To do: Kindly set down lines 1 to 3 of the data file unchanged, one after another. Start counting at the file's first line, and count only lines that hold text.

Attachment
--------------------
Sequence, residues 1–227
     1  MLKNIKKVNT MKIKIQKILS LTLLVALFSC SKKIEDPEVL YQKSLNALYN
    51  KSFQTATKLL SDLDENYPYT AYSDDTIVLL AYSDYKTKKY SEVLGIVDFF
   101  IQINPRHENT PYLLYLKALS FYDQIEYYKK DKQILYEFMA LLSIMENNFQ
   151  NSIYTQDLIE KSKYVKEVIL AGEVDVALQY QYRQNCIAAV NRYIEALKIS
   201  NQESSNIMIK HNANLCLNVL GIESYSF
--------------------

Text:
Sequence, residues 1–227
     1  MLKNIKKVNT MKIKIQKILS LTLLVALFSC SKKIEDPEVL YQKSLNALYN
    51  KSFQTATKLL SDLDENYPYT AYSDDTIVLL AYSDYKTKKY SEVLGIVDFF